USCOM cost effective replacement for ICU Ultrasound

New evidence for USCOM 1A guidance of fluid and cardiovascular therapy in critical care

Uscom announced the publication of a study demonstrating excellent correlation and agreement (96% and 95%) of the USCOM 1A with echocardiography, the current gold standard, for measurement of heart function. The USCOM 1A also identified the need for fluid with excellent sensitivity and specificity (95%) in the prospective, observational, multi-centre trial of 121 ICU patients.

Fluid is the most common critical care and peri-operative intervention in critically ill neonates, children and adults, with more than 50% of all fluids currently used being unnecessary or harmful. Fluid management remains one of the great clinical challenges in medicine, with particular relevance in paediatrics, anaesthesia, critical care and sepsis. An accurate and widely adopted solution to this problem has potentially enormous cost effectiveness benefits for medicine worldwide. This study demonstrates the USCOM 1A to be a cost effective solution to this problem.

A recent study of fluid administration in 655,426 patients having routine surgery across 524 US Hospitals found that more than 50% of all patients received too much or too little fluid, and this was associated with increased length of hospital stay, increased complications and increased cost of care. The current study found USCOM 1A use resulted in 95% of patients receiving appropriate fluid, suggesting improved care, significant cost savings and reduced in hospital stay.

Previously invasive BP monitoring devices, such as PiCCO, LiDCO, FloTrac, were demonstrated to fail in free breathing patients, those with cardiac dysrhythmias, and in those with serious diseases such as sepsis. The noninvasive USCOM 1A device, which directly measures blood flow, was shown to demonstrate high levels of effectiveness even in the most difficult ICU patients.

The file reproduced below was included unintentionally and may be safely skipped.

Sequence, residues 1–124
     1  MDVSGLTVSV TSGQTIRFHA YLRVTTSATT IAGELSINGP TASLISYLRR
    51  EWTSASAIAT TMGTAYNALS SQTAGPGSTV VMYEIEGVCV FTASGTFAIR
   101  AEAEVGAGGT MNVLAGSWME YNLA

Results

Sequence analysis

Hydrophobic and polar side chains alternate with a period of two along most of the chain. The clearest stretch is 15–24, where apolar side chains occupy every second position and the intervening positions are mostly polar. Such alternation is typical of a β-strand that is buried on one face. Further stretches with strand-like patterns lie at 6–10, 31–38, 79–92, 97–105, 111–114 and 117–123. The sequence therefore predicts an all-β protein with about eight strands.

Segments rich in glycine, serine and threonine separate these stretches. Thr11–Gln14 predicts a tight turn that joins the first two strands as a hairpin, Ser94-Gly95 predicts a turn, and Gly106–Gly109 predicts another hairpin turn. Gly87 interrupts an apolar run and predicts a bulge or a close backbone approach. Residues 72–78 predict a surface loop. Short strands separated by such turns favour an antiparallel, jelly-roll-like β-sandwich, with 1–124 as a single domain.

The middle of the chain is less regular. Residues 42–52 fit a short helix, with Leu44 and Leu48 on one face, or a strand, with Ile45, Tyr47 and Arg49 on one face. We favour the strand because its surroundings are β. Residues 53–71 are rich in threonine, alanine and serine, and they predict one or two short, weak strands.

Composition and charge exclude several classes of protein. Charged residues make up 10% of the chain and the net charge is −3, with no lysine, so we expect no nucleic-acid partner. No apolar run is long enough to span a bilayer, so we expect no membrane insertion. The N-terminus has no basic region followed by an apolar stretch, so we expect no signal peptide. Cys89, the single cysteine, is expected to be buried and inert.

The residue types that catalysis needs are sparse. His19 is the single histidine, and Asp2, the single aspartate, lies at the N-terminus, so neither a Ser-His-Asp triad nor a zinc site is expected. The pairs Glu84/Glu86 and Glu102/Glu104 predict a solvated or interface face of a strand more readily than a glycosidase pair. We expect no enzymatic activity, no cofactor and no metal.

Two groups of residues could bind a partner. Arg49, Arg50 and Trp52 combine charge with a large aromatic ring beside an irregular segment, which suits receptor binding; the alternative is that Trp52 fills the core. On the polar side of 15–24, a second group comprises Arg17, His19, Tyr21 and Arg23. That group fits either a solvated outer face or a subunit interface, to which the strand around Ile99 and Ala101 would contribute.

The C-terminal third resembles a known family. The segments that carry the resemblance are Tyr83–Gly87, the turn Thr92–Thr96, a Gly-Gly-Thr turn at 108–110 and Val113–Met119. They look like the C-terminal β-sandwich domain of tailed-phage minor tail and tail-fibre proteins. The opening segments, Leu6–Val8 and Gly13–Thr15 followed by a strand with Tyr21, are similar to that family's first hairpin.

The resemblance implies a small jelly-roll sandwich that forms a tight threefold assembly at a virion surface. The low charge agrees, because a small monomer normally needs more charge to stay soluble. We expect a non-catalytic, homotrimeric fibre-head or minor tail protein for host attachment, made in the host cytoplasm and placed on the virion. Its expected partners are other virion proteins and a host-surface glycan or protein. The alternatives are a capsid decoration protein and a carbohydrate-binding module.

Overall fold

While Echocardiography is considered accurate the American Society of Echocardiography don't recommend its use as a monitor as it is complex to implement, is time consuming (45 minutes per exam), requires years of training and accreditation, and its use is not yet supported by evidence. However, USCOM has been demonstrated to have a short learning curve (two days training), is simple to implement (less than 5 minutes per exam), is relatively inexpensive, and has widespread proof of effectiveness. The current market for echocardiography is in the order of $1.5B and growing.

Executive Chairman of Uscom, Associate Professor Rob Phillips said, “This is the kind of evidence we need to support widespread adoption in cost stressed global health systems. Not only is USCOM 1A equivalent to the current gold standard but it increases the accuracy of identifying fluid responsiveness from 50% to 95%, and is applicable in the most complex of ICU patients. This evidence demonstrates that patients examined using USCOM 1A receive improved and cost effective cardiovascular care. A number of public health groups in the USA are purchasing USCOM 1A across their organisation so they can implement non-invasive advanced haemodynamics and this new Australian data should accelerate this adoption.”


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